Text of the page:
Once you’ve had someone take on your product, check in with them regularly to see how it is selling and whether they are in a position to order more – it’s the best way to build a strong business relationship (you may need them to be understanding if you ever struggle to fill an order on a tight deadline down the track!)







Good luck with it – wholesaling is a brilliant way to start building a profitable business!



thank you so much Anika


Please leave a comment below for Anika, I am sure she would really appreciate it.


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See you all on Tuesday for some serious Time Management Chit Chat. I can't wait!!!


Cheers


Ali
xxx









3 comments:

  1. It was really useful, thanks a lot, and I love Anika's gorgeous products!! Anika, I would love to ask you whether you can tell an approxiamte percentage of the commissions, both at consignement and wholesale? Thanks a lot!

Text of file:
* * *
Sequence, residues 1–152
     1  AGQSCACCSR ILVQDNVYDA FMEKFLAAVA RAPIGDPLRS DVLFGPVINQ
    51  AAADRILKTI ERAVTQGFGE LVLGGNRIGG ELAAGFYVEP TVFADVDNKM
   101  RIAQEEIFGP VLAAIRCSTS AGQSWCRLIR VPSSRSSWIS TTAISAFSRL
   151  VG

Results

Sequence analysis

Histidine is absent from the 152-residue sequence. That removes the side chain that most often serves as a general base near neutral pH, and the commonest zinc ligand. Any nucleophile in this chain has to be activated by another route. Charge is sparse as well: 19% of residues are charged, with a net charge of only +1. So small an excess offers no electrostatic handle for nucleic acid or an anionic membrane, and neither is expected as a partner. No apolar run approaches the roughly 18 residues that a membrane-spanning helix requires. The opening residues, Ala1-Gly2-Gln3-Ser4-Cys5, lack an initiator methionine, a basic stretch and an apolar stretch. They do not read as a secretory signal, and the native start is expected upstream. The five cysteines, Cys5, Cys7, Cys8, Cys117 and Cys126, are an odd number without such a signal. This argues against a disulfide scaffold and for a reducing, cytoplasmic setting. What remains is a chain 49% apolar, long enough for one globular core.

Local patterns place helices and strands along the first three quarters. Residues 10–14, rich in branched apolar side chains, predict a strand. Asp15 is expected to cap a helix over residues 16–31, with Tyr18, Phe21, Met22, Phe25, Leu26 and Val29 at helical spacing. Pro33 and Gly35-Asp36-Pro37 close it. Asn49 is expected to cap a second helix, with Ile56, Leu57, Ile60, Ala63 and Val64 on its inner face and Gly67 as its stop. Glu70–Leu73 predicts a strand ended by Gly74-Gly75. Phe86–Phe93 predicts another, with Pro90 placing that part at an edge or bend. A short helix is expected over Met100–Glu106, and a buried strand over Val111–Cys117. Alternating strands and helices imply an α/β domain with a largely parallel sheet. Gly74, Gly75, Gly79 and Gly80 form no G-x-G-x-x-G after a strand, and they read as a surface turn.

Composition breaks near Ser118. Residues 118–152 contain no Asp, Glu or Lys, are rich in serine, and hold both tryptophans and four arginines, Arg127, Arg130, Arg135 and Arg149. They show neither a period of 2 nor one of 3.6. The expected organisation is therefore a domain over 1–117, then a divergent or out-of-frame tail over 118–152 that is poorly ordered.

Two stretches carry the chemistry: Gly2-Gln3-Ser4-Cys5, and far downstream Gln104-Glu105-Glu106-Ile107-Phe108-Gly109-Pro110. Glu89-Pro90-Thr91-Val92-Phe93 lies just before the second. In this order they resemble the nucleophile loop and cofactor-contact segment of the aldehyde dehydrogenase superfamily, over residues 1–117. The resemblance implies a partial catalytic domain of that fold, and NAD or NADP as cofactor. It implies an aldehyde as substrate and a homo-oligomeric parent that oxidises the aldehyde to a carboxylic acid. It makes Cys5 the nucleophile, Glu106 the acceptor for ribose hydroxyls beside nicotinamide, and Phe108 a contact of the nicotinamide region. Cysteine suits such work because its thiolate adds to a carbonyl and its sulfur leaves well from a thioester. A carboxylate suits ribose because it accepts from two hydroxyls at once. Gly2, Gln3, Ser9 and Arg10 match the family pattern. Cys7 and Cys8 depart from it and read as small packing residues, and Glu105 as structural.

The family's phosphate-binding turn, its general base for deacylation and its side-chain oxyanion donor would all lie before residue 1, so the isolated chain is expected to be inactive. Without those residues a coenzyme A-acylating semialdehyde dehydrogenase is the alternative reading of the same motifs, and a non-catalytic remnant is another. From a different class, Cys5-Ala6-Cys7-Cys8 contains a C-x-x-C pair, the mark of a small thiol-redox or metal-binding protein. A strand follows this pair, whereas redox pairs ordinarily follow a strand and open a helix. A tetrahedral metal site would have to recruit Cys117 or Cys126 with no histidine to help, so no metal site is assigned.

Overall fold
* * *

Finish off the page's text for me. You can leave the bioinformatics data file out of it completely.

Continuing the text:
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  2. Thank you Anika, thank you Ali. I have my work in a handful of shops and I am very bad when it comes to keeping in touch with the owners. I am shy and lack confidence, and so even though I somehow found the nerve to approach the shop in the first place, I fear that they will say something negative and not want to reorder if I go back. But they bought it in the first place didn't they, so they must like it, and even if they do say something negative, I need to hear it. Who knows, they may even want to order more! I can see now how important it is to build a relationship with my buyers so I will find the courage I need to get in touch. Ali, you and your guest bloggers are always a superb kick up the backside!

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  3. Thanks for commenting ladies. xx